The U.S. is emerging from an exceptional period of caution about race and ethnic nationalism
Since the 1940s, chastened by the example of Nazism and conscious of the U.S.’s modern global responsibilities, both major parties have avoided more overt racism and ethno-nationalism.
But the U.S. has always had at least one (and often more than one) major political party devoted to some notion of white nationalism. From its founding in the 1820s up until the 1940s, the Democratic Party was explicitly devoted to white supremacy, first supporting slavery and then Jim Crow.
Similarly, since the end of Radical Reconstruction, the Republicans (like their Whig predecessors) have advocated a variety of immigration restrictions for certain nationalities and religions — positions that the party increasingly stressed as part of its “Southern Strategy” of appealing to racial conservatives beginning in the 1960s. Trump emphasized these themes more explicitly during his campaign.
U.S. efforts toward racial equality have come during wars
As we have written, illiberal beliefs and practices have been so strong that the United States has usually only made significant progress toward racial equality only under the exigencies of war. For example, African American rights only advanced dramatically during three periods in U.S. history — during the Revolutionary War, the Civil War and immediately after, and most recently during World War II and the Cold War.
In each of these periods the United States was fighting a war against illiberal enemies, prompting it to highlight its own liberal values. In addition, each of these were big wars in which victory required African Americans as soldiers, sailors, defense workers, and at the very least, quiescent citizens. Finally, and perhaps most important, black and white civil rights advocates used wartime pressures to leverage for legal changes.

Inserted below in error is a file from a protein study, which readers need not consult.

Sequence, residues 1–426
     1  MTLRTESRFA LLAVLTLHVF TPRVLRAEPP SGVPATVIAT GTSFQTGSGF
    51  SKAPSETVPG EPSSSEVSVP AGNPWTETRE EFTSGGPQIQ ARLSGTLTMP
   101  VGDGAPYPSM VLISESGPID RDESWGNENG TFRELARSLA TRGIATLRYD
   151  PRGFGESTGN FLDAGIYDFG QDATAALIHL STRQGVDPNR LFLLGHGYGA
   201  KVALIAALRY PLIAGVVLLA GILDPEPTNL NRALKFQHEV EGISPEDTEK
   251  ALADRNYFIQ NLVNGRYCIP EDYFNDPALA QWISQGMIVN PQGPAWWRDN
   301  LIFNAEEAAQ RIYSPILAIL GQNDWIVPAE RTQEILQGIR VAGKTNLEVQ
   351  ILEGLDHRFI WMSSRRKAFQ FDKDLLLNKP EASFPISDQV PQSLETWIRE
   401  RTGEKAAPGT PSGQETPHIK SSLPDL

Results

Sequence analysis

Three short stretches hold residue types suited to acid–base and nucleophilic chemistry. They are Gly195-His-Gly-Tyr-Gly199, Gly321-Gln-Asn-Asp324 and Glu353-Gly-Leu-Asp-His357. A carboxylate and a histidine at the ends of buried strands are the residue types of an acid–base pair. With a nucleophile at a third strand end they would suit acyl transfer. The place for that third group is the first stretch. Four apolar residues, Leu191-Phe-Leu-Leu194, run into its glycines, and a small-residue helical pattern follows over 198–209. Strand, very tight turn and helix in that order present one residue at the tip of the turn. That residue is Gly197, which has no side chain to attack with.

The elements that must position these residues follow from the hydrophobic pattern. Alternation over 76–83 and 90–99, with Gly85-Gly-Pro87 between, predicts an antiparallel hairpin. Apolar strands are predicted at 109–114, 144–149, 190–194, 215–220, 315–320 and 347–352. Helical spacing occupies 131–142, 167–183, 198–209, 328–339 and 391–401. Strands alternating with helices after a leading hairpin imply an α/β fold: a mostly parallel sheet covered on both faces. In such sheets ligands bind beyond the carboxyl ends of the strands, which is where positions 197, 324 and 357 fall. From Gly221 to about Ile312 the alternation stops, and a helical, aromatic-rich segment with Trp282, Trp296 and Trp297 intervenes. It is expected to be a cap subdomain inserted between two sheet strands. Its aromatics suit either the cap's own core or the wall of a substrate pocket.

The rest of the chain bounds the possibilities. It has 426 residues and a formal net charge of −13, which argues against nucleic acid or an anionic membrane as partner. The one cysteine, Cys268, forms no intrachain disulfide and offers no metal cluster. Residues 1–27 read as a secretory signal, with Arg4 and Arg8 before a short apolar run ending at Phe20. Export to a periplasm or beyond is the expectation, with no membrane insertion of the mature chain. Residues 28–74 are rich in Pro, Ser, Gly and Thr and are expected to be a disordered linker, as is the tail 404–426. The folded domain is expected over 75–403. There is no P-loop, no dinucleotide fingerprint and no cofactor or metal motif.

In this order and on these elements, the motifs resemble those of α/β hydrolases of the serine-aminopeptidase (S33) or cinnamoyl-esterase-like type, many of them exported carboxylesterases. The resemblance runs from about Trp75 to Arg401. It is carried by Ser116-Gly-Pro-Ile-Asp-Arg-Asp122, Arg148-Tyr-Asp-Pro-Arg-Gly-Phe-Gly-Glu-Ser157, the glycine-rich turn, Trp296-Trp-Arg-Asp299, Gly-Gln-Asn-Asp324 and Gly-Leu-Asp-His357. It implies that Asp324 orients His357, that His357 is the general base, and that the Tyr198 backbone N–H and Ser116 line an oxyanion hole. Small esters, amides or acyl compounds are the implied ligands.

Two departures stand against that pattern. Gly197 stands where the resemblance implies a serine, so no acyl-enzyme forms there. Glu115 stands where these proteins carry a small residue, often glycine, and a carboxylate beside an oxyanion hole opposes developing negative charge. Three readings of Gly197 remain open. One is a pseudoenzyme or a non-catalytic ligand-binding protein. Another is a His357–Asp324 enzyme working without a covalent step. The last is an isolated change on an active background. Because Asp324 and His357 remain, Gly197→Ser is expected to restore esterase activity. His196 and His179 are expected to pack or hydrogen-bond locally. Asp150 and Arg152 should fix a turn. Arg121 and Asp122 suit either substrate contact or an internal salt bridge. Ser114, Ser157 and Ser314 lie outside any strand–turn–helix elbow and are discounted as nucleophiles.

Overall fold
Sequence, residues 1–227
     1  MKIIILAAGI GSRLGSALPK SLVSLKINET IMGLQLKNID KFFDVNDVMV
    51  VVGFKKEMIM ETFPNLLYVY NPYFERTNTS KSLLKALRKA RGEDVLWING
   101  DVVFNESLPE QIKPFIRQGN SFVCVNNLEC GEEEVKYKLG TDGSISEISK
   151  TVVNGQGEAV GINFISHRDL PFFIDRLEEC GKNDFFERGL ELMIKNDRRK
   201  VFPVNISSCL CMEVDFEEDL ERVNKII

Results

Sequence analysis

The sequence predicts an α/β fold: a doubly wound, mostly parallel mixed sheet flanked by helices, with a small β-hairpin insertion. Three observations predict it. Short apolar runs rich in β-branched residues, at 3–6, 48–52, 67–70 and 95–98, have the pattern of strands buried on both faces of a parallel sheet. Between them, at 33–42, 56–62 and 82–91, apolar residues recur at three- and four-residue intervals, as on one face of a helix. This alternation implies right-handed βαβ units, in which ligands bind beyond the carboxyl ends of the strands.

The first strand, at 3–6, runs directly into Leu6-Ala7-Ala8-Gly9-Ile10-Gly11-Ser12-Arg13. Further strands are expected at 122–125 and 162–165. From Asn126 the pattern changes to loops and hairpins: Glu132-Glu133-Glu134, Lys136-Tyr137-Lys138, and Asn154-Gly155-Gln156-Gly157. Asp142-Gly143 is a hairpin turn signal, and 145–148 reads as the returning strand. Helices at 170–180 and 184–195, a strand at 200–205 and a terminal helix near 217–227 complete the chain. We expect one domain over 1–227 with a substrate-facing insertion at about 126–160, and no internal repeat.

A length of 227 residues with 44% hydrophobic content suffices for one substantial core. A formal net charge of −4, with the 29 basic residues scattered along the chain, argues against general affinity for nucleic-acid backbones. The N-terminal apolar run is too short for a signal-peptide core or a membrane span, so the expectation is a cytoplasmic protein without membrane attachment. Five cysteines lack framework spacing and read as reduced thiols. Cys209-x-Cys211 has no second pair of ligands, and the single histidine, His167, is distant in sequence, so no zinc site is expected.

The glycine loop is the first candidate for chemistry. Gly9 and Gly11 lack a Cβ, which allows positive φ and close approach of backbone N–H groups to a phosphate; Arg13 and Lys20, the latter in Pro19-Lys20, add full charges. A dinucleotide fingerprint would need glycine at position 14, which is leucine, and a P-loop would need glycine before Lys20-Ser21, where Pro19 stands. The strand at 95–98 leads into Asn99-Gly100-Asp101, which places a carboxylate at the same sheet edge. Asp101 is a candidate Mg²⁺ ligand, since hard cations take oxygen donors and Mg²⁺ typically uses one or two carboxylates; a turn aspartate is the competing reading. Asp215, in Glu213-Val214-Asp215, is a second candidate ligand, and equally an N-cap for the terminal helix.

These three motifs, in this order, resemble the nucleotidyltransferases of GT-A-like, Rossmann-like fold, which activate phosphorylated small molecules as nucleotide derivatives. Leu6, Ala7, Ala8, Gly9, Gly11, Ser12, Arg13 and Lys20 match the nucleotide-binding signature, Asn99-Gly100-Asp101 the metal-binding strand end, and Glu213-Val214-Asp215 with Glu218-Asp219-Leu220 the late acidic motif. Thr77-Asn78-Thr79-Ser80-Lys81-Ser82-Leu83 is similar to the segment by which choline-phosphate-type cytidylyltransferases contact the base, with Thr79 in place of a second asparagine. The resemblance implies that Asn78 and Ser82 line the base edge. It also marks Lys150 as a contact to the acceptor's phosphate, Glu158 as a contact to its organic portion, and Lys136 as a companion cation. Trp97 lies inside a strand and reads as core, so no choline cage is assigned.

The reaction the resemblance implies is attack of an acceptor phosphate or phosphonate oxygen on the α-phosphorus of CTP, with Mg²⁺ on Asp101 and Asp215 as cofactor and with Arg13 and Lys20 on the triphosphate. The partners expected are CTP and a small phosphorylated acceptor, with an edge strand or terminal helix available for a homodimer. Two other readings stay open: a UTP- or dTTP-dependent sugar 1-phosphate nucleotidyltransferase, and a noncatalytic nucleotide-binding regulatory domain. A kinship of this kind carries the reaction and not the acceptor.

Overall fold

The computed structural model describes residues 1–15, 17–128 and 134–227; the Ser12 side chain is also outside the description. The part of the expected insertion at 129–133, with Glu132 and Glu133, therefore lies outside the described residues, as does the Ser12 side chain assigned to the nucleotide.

But for many white Americans, these advances were instrumental to the need to win the war and accepted only grudgingly. Wartime pressures for equality were felt most keenly at the elite level. Most ordinary white Americans were apathetic at best about such changes. Many were virulently opposed. Once the external pressures of war were removed, the elite consensus broke down, allowing various factions to encourage and harness these racial sentiments for their own political ends.
But the Cold War ended 20 years ago
These historical patterns help explain Trump’s election victory. After the Cold War ended with the fall of the Communist bloc in 1989, the United States no longer faced the external pressures that had pushed it toward greater egalitarianism. Moreover, rising levels of immigration combined with the 9/11 attacks moved many American in the direction of great ethnocentrism and nationalism. Furthermore, the rise of right-wing nationalist movements in Western Europe has provided inspiration and encouragement to similar movements in the United States.
Racial conservatives who had abandoned legal segregation began fiercely attacking measures designed to aid nonwhites. Nevertheless, the 1965 Immigration Act and 1965 Voting Rights Act combined to increase the political clout of nonwhites, making possible President Obama’s election in 2008.